This reflective beach lies between two rocky headlands along the coast of Dubrovnik, a Croatian coastal city that lies at the terminal end of the Isthmus of Dubrovnik on the Dalmatian Coast. In the background is the historic section of the city known as 'Old Town.' Jutting into the Adriatic Sea are walls that run almost 2 km around the entire city. The walls are 4 to 6 m thick on the landward side, but are much thinner on the seaward side of the city. The system of turrets and towers were intended to protect the vulnerable coastal city from attack. The city of Dubrovnik has been on the UNESCO list of World Heritage Sites since 1979.
In the foreground lies a perched beach where mixed grain sizes make up three storm berms. Marked by coarser grain sizes (pebbles and cobbles) arranged into cusps, the seaward beach cusps are more distinct than the landward ones, which are older and more disturbed by subaerial processes and foot traffic during the tourist season. The seaward-most winter berm is being eroded into a steep scarp above the beachface. The subaerial part of this beach is much larger than the submarine component as the seafloor rapidly drops to deeper water a short distance from shore. The summer beach profile would lack this scarp allowing the beachface to slope more gently seaward as an intermediate morphodynamic beach state characterizes more quiescent conditions along the shore.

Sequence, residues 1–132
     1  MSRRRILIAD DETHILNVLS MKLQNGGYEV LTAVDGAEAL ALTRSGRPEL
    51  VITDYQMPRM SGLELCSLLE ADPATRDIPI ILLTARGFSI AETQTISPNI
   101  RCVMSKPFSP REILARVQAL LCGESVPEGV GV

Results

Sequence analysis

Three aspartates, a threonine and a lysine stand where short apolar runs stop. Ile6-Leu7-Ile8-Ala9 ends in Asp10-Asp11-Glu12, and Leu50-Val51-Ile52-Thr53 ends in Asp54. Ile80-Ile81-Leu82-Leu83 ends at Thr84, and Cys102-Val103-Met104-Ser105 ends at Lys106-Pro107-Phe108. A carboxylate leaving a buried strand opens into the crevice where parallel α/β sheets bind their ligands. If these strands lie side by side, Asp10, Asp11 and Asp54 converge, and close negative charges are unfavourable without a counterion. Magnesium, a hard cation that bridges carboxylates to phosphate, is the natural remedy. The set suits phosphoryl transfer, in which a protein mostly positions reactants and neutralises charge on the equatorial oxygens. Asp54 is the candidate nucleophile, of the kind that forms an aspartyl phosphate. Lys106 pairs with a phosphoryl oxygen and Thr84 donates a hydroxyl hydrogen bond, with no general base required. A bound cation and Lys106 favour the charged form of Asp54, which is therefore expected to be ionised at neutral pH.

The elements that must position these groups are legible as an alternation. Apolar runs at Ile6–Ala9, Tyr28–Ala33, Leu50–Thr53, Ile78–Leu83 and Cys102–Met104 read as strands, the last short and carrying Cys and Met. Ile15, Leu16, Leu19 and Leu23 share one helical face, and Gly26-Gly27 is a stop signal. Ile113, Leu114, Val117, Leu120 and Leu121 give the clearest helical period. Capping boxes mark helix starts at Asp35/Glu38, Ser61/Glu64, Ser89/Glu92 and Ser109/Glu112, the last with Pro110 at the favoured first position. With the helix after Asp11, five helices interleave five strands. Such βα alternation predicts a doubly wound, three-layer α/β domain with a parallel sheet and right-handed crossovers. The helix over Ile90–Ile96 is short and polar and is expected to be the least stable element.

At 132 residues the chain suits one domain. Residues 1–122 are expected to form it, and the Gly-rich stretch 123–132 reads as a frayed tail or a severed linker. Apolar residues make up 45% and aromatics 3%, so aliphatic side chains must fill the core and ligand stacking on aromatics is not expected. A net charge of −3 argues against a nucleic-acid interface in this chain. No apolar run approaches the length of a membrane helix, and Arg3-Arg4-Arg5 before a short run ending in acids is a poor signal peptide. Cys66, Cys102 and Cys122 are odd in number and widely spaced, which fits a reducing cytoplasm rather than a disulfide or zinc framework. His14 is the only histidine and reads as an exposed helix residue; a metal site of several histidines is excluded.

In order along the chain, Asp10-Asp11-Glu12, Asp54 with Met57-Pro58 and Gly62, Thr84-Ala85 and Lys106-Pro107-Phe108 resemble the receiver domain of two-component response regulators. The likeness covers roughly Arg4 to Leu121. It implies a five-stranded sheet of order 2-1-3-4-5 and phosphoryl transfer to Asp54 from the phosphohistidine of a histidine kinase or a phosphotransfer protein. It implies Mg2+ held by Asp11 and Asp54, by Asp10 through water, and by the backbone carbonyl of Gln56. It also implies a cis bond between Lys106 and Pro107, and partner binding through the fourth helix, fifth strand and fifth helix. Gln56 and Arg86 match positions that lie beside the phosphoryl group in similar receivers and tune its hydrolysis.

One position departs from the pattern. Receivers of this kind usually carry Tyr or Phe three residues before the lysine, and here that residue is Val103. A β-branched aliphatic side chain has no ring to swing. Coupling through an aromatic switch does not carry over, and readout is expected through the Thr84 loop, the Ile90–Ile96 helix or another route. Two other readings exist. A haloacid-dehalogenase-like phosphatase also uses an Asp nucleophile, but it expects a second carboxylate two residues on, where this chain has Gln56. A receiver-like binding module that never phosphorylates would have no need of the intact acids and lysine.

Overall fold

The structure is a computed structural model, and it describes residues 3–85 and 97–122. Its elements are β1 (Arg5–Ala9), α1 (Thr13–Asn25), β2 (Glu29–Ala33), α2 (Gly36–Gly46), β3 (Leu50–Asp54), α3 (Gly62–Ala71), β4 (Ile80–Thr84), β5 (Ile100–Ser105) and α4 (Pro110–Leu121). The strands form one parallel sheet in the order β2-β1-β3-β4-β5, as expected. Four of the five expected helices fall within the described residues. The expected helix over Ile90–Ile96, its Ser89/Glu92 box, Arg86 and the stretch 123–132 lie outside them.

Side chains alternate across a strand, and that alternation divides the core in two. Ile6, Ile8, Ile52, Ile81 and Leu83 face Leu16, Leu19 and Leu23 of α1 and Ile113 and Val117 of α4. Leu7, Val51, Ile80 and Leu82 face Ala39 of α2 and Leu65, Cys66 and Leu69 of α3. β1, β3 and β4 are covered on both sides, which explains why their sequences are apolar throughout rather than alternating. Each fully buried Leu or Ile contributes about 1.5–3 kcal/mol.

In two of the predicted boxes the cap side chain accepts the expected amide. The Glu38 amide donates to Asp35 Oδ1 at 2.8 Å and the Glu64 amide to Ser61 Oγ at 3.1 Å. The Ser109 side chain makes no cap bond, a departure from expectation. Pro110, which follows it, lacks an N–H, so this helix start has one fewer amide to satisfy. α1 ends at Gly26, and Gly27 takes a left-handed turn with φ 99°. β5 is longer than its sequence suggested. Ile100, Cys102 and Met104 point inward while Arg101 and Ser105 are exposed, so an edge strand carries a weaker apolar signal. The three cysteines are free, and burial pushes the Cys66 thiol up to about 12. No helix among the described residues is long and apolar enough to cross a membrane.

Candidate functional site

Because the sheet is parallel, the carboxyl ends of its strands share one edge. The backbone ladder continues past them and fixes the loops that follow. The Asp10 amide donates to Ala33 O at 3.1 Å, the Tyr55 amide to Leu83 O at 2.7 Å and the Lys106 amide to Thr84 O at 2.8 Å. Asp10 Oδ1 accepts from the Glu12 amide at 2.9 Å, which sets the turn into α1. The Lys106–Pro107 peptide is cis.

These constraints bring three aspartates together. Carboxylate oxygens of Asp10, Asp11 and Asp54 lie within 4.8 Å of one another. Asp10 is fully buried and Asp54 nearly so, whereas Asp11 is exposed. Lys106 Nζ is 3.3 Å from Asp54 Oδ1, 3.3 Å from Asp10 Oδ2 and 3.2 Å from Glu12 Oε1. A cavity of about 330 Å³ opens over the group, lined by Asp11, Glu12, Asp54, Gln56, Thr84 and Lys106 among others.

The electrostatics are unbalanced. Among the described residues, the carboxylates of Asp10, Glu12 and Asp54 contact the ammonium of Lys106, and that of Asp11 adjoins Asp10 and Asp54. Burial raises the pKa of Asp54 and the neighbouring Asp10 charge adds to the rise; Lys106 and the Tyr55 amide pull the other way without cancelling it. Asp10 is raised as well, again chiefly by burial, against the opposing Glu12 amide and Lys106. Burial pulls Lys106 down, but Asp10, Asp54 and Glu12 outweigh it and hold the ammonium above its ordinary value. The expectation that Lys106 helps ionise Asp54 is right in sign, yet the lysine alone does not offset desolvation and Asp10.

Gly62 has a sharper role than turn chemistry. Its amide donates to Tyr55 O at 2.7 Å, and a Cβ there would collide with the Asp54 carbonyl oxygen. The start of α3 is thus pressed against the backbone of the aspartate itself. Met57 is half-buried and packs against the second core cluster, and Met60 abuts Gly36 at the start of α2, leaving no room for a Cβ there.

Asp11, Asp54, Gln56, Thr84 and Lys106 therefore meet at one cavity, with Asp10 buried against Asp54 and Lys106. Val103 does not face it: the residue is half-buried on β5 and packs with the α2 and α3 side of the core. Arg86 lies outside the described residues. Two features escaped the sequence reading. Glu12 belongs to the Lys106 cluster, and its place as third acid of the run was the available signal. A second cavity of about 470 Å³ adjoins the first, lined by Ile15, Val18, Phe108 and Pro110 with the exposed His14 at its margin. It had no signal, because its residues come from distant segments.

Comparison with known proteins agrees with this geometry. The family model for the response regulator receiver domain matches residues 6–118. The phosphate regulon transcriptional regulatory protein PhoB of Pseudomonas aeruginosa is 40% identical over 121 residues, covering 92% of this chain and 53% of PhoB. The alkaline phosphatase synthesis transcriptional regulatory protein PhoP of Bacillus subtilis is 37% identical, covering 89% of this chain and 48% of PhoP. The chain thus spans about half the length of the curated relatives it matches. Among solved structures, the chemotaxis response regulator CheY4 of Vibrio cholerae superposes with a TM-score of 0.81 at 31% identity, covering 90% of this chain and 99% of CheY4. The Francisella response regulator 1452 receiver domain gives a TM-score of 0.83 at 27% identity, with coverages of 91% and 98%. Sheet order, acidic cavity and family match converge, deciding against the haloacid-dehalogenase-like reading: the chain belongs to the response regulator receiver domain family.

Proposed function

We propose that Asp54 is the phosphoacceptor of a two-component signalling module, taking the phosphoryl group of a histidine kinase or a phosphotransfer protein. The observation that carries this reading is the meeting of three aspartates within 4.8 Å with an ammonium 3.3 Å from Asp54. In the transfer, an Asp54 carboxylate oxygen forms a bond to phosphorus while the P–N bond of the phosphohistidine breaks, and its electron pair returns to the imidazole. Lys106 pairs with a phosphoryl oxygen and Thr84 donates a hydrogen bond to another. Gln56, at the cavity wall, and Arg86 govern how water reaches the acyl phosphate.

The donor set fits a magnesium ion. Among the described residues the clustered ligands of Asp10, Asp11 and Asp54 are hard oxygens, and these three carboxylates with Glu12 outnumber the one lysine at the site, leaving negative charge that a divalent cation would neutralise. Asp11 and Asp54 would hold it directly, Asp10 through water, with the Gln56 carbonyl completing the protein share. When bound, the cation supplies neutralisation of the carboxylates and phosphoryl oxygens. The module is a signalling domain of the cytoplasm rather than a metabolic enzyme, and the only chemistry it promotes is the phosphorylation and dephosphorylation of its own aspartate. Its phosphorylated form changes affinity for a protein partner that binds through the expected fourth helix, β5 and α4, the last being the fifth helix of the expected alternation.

The Dalmatian Coast is well known for its karst features and relief of coast-parallel anticlines and synclines (Kelletat, 2005). Because beaches are rare along this predominantly rocky coast, Dubrovnik is a magnet for beachgoers.
(Photograph by Antonia Gardner, November 2010).
Reference: Kelletat, D., 2005. Dalmatian coasts. In: Schwartz, M.L. (ed.), The Encyclopedia of Coastal Science. Dordrecht, The Netherlands: Springer, 356-357.